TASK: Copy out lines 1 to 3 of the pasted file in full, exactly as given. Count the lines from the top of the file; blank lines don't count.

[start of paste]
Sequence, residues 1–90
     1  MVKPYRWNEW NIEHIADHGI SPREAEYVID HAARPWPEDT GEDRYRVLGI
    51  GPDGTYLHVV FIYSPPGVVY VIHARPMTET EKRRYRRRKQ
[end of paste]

Sequence, residues 1–90
     1  MVKPYRWNEW NIEHIADHGI SPREAEYVID HAARPWPEDT GEDRYRVLGI
    51  GPDGTYLHVV FIYSPPGVVY VIHARPMTET EKRRYRRRKQ